There are a few different types of breast cancer. The most common are hormone-positive, in which the tumor uses the hormones estrogen and/or progesterone to grow. Some cancers also overexpress HER-2/neu, a growth hormone that can fuel tumor growth. However, about 15 percent of breast cancers do not use any of these hormones to fuel their growth. These more aggressive breast cancers are called triple-negative. Carbone says that the association found between radon exposure and triple-negative breast cancer in that 2017 study was “not statistically significant,” but there was a potential link.
Whether you’re worried about breast cancer or not, “the main message in my mind should be that radon is bad for you in many ways and high levels of radon are found in many residences, schools and public buildings. If you don’t test for it, you won’t know that you’re being exposed,” Carbone says.
Radon exposure has been conclusively linked to incidence of lung cancer. The Environmental Protection Agency estimates that about 20,000 cases of lung cancer a year in the United States are caused by radon exposure, making it the second biggest cause of lung cancer behind smoking. Smokers who are exposed to high levels of radon are at especially high risk.
“Radon levels vary by state, but we find radon in all 50 states,” Alberty says. “It’s something we can’t control in the general environment,” but it is controllable in the built-environment. The low-level exposure we all have daily when we’re just living and breathing is not typically a problem. However, a build-up of radon gas that can accumulate in confined spaces is a concern that needs to be addressed.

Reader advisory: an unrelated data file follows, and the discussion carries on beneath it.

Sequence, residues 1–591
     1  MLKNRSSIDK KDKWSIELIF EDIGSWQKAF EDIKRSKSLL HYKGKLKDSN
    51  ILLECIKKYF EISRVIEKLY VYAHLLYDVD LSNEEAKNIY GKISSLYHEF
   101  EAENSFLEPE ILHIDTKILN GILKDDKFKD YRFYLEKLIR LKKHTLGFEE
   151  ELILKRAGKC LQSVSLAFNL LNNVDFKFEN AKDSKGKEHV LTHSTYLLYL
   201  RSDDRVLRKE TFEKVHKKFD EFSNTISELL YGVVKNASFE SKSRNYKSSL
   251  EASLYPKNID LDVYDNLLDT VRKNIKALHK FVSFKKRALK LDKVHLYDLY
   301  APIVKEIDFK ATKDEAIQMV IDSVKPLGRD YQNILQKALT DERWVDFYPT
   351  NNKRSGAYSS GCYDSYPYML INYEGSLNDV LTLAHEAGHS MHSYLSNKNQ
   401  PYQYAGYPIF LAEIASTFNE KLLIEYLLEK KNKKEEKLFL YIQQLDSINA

Annie Cacciato, an Ohio resident and patient of Dr. Carbone’s, believes her stage 4 lung cancer was caused by exposure to radon and says “radon is a real public health crisis” that needs to be addressed.
Although Cacciato knew to test her home, which she did and had it remediated when high levels were detected, she didn’t know how much radon she was being exposed to all day while she was at work. Her high school also had high levels of radon, and over years of daily exposure, she developed lung cancer. A nonsmoker, Cacciato had few symptoms and was only diagnosed in 2013 after a bout of pneumonia proved difficult to shake. She is still undergoing treatment.
Although her diagnosis has been devastating, Cacciato has made it her mission to warn others of the dangers of radon exposure and to urge civic leaders to fund research and remediation programs that will lessen the general public’s exposure to this known cancer-causing agent. “I’m trying to make something positive out of my experience,” she says, choking back tears. “We just assume that living in the U.S., the best country in the world in 2018, that our air is safe to breathe. But it’s not. It’s up to every U.S. citizen to ensure that their air is safe to breathe.”
She encourages everyone to have your homes, offices, schools and every other building you frequent tested for radon and to pursue mitigation if levels above 4 picocuries per liter of air are found. Remediation usually requires the assistance of a specially trained contractor, and you should get professional help to make sure it’s being done right.
“People who spend a lot of time in the basement for work, people who work in mines and with building materials” and other people who may work or live in environments that don’t have good ventilation should be especially concerned about the radon levels they’re being exposed to, Alberty says. You can learn more about radon testing and how to get a testing kit from the EPA.
And be sure to test regularly. Radon levels in your home, office or school can change over time, so testing should become a semi-annual event that’s just part of your overall home maintenance routine. “We have to make sure that our radon levels are safe, just like we know to change the battery in our smoke detectors,” Cacciato says. “It’s just something we’ve got to do for normal life maintenance — make sure your air is safe to protect yourself and your family.”